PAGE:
Saucers make great cookie plates, because the dainty cookies look substantial in comparison to the small size of the plate and beautiful against the similar daintiness of the china.

These few ingredients leave a strong impression of butter and sweetness and crunch and holidays.

Butter Fingers
Yield: about 3 dozen

1 cup (2 sticks) unsalted butter
1/2 cup powdered sugar
2 cups flour
2 teaspoons vanilla
2 cups (one 8 ounce bag) chopped pecans
about 1 1/2 cups powdered sugar (to roll the cookies in)


  1. Preheat oven to 325 degrees.
  2. Cream the butter, then add the 1/2 cup powdered sugar a tablespoon at a time.
  3. Add in the flour and vanilla, mixing until just combined. Then, add the pecans and mix to combine.
  4. Roll 1 tablespoon-ish of the dough to make "finger" shape.
  5. Bake for 15-20 minutes, until firm. Remove from oven and let cool for about 5 minutes on the baking sheets.
  6. Carefully roll the still-warm cookies in the powdered sugar. Note: If they crack, it's chef's treat! It helps to press the sugar onto the cookies from all sides. Coat completely so the cookies are entirely white.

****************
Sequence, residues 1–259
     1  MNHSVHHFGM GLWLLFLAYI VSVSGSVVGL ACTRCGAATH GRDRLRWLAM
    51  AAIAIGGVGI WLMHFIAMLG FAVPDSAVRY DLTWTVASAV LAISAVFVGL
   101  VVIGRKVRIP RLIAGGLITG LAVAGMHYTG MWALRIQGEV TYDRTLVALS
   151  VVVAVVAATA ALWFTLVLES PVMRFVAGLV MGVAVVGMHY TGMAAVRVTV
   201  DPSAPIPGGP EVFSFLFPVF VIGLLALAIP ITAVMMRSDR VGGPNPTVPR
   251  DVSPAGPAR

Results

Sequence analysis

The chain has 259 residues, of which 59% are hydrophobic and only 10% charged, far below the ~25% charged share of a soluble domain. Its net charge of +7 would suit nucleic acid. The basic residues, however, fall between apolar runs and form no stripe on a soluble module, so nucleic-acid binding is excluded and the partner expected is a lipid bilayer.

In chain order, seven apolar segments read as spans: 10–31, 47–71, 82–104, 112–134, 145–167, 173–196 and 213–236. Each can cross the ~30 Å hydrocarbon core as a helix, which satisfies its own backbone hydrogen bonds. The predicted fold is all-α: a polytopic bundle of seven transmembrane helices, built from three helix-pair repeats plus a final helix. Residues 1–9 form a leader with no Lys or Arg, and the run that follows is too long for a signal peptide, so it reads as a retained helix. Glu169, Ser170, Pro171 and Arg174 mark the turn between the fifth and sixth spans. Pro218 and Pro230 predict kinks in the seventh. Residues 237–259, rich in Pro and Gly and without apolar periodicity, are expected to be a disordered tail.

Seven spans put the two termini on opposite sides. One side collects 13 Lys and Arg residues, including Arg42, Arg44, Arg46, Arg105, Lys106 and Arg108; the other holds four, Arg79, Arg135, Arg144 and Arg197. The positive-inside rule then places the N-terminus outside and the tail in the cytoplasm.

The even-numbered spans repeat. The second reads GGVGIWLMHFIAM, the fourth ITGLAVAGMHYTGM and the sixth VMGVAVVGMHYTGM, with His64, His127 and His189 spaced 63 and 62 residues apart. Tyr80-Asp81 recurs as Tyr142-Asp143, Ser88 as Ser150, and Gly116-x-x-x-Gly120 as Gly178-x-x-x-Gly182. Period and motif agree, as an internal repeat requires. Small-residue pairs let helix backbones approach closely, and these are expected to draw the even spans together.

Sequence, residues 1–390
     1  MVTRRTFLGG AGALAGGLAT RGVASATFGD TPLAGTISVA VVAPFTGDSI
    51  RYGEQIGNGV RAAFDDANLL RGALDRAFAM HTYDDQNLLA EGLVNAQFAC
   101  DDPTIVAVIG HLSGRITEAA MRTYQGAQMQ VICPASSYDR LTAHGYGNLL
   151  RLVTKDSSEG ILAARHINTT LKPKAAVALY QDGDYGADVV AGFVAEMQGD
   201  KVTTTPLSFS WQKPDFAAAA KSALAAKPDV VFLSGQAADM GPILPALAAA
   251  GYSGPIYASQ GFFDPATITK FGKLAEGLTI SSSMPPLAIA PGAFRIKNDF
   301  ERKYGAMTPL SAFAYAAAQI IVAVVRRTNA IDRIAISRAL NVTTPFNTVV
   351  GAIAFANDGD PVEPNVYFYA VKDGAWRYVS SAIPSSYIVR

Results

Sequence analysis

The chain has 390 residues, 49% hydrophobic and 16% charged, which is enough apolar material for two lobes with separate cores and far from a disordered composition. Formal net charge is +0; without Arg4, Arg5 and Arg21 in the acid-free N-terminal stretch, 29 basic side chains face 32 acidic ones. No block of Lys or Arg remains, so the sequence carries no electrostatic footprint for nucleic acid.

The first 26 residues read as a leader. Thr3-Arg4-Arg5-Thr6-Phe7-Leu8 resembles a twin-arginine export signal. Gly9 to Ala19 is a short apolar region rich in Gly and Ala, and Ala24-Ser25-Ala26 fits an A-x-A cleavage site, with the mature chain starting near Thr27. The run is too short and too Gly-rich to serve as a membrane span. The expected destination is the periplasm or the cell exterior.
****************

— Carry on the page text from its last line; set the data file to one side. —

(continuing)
7. Eat up!

Wednesday, December 12, 2012

Frank Pepe's Pizza

Frank Pepe's is a classic, a tradition, a legend. And for good reason.

It's a pizza place in New Haven's Little Italy district, just down the street from its competitor, Sally's (which, according to my friend who has frequented both in under 24 hours, is better, but I'm not so sure after tasting Pepe's!).

Left: Sausage, Pepperoni, onions, cheese; Right: cheese
New Haven is known for its pizza because of these two restaurants. Pepe's pizza is made in a brick oven, just a few pies at a time, which means they are fresh and baked in a super hot oven. It also has the added benefit for of increasing the demand and hype--on weekends, lines can stretch a block or two and wait times are well over an hour.